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Experts say Didi-Uber merger may constitute a monopoly

Experts say Didi-Uber merger may constitute a monopoly Science & Technology World Website


Experts at a seminar on Aug. 3 said that the Chinese government should investigate the Didi-Uber merger, as many suspect that the deal may cause a monopoly in the future. Discussions began after Beijing-based Didi, the dominant ride-hailing service provider in China, said in a statement on Aug. 1 that it would buy Uber's China operation.

According to a report by Beijing Evening News on Aug. 2, Didi said that its market penetration rate is only 1 percent in Beijing, which will not cause a monopoly. However, experts attending the seminar argued that it should be made clear whether the market included taxis, buses and the metro.

The government should focus on Didi's relevant market to decide whether or not it will cause a monopoly in the future, rather than focusing only on its market share, said experts at the seminar, discussing whether the merger should be stopped by anti-trust authorities.

Speaking from a law perspective, Cui Fan, a senior advisor at Beijing Dacheng Law Office, said that the key factor in merger cases is not the relevant market but the business volume. Dong Zhongwei, a partner at another Beijing-based law office, said that the Ministry of Commerce should undertake an anti-trust investigation. If the company's market share after the merger is expected to be over 90 percent, authorities should stop the deal, Dong added.

According to Chinese law, all businesses with large-scale operations that could potentially monopolize the market must submit business declarations to the Ministry of Commerce for record, as well as submit to anti-trust investigations. Afterward, companies without clearance are not allowed to carry out mergers and acquisitions in China.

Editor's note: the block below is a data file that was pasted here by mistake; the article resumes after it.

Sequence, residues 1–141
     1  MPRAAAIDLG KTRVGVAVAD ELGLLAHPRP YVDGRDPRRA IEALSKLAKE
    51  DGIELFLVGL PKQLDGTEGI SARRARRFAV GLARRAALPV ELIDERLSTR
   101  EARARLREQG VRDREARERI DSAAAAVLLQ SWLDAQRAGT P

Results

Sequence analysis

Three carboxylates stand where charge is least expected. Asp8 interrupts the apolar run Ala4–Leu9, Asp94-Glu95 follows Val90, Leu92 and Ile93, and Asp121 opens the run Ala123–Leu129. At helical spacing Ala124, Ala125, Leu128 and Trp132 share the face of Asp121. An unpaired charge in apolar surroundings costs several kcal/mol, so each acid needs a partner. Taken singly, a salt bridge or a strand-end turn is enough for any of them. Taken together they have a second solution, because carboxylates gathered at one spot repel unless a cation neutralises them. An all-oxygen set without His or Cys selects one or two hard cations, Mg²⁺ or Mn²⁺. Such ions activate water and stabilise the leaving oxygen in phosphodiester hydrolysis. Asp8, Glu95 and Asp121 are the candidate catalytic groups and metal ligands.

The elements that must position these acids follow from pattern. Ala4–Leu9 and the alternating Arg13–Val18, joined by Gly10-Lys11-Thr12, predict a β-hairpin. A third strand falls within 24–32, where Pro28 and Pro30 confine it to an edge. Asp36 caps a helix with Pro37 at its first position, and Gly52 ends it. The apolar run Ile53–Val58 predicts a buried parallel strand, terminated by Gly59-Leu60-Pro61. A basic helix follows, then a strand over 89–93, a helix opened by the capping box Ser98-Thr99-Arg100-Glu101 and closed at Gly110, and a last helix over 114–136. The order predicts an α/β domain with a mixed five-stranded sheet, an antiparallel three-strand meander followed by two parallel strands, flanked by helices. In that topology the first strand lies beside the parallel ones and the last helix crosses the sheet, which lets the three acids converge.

The Ministry of Transport released the country's first nationwide regulation on car-hailing services on July 28, finally offering the booming industry a legal status. The new regulation actually encouraged car-hailing services in China. The merger, meanwhile, may not be in the best interests of customers, leaving them with fewer choices for their car-hailing travel, said Cong Lixian, a law professor from Beijing Foreign Studies University. Cong hoped that the Ministry of Commerce Ministry could do something to help customers.

In the mean time, Fang Xingdong, a professor from Shantou University, said the government should not interfere in matters of the Internet, as "Internet should be a free space." Fang held the opinion that the merger may have a negative impact on global Internet competition. He said that after Uber sells its China operation to Didi, the two companies could partition the global car-hailing market. He worried that two business magnates might rise in the wake of the merger.

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